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Nano-nudity

Protestors picketed the Chicago Eddie Bauer store in early May for selling stain resistant nanopants. As is the norm these days, the protest involved nudity.

EDDIE-BAUER-HAZARD_f.jpgI'm not sure how effective these nude protests are when the protestor is attractive. Is this woman really going to scare customers away from Eddie Bauer? "You mean I can pick up a pair of stain resistant pants AND see a free show? I'm sooo there dude!"

Perhaps if some of us middle-aged male bloggers participated - now THAT would clear the street.

These protestors complain that the long-term effects of this simple form of nanotech is unknown. This is true. It is impossible to know with absolute 100% certainty that any technology will always be 100% safe 100% of the time. The manufacturer responded that:

Nano-Tex's products are independently tested for safety and meet all environmental, health and safety standards mandated by the U.S. Environmental Protection Agency, the Occupational Safety and Health Administration and the Consumer Product Safety Commission.

I'm sure this is true too. Of course this won't satisfy the protestors at all. This is "nanotech," and nanotech is scary.

What the manufacturer can't readily admit is that these nanopants are "fake" nanotech - nanotech as a marketing gimmick. Some of these "nanotech" products are only "nano" in the sense that any chemistry is nano. I ate a drumstick at lunch chock fulla nano goodness! Everything in the universe is made of nanoscale atoms and molecules.

We have new materials tech and product chemistry introduced all the time. There is a small level of risk associated with all of this new technology, but there aren't protests because these products aren't labeled "nano."

Protesting a marketing gimmick is just silly. Not that I'm complaining.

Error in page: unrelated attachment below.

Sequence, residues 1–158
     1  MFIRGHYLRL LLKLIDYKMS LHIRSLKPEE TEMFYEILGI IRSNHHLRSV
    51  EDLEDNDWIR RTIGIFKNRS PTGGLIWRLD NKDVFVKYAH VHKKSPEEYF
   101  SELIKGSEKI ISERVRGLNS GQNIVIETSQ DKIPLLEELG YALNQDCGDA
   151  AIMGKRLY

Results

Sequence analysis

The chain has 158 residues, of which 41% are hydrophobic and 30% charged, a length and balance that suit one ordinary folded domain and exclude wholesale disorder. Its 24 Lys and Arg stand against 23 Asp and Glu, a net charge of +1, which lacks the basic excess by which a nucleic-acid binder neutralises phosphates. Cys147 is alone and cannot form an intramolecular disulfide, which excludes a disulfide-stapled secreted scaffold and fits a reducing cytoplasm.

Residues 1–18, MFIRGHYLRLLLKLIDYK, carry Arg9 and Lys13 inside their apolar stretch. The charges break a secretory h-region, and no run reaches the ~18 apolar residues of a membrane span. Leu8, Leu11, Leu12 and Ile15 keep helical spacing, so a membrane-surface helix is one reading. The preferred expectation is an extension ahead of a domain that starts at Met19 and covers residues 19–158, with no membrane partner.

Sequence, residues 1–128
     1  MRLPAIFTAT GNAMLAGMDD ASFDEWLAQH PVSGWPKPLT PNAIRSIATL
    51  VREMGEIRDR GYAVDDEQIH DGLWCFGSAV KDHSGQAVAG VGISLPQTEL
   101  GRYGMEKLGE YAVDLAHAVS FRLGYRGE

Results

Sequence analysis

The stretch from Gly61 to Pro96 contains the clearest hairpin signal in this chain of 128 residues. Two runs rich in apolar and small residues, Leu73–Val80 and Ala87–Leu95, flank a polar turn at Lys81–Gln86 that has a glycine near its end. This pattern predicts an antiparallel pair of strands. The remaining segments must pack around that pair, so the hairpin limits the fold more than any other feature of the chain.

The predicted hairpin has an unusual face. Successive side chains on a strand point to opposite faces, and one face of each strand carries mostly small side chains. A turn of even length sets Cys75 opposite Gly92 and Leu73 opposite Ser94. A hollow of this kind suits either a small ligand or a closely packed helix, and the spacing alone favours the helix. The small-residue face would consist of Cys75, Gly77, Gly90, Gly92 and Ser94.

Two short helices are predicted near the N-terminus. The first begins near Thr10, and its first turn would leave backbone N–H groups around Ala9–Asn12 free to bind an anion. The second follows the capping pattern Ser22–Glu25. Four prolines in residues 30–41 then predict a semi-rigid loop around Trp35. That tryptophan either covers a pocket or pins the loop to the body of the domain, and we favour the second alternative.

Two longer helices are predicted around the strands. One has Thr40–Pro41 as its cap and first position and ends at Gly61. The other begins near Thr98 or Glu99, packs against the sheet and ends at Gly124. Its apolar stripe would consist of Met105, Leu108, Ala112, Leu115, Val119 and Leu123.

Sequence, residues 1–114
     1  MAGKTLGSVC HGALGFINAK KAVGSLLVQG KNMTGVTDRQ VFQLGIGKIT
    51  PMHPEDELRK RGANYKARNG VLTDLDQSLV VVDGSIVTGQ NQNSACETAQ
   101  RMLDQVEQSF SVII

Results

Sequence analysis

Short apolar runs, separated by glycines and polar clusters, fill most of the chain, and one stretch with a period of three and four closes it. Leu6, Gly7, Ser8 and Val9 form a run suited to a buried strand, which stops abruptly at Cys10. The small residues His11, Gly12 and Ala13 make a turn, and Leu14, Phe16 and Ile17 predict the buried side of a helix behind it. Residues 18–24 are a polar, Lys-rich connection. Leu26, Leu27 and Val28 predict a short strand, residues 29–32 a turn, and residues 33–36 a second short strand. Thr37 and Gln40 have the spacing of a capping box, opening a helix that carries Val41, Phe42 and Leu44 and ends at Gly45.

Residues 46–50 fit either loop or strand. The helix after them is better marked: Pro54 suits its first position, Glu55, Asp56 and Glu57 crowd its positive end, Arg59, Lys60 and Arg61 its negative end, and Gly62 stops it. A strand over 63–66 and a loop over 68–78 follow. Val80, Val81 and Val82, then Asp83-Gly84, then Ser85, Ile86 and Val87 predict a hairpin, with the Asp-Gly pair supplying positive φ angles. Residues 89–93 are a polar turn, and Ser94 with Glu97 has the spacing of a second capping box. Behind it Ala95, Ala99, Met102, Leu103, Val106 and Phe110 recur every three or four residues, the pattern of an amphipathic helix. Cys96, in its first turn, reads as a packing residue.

UPDATE: Howard Lovy took this protest a little more seriously.

In any revolution, it's almost always the intellectuals who are first to be carted away.

This may seem a bit overwrought, but he has a point. These protestors are wacky and entertaining, but so were the GM food protestors at first. Those guys set back the GM food industry decades - starving the developing world in the process.

It's crucial for scientists to talk about the real risks and the real benefits of all new technologies. If people who understand these things are silent, then only those who don't understand will be heard.

Comments

You may be on to something. We need to think of how we can use our powerful street-clearing potential for the forces of good.

Not to be tacky, but I'm still stuck hoping she'll turn around...

Z:

If you go to the original article there's other pics. Alas, no other pictures feature this girl. The rest are your typical dope-smoking hippie types.

Those other protestor would clear the street as effectively as a nude blogger convention.

"My eyes!"

Oo. Yeah, bad thought...

What bugs me here is that these protestors seem to be protesting for the sake of form. If you're wasting your time protesting... pants, then maybe there isn't an urgent problem out there, right? This just like the argument for increased security and surveillance of the public. If the public doesn't see airport security people frisking elderly grandmothers (ie, being proactive), then they don't take terrorism seriously.

Maybe they were really protesting in favor of "true" nano... maybe they're merely making a statement to the effect that the pants were "barely" nano.

-- Jack Krupansky

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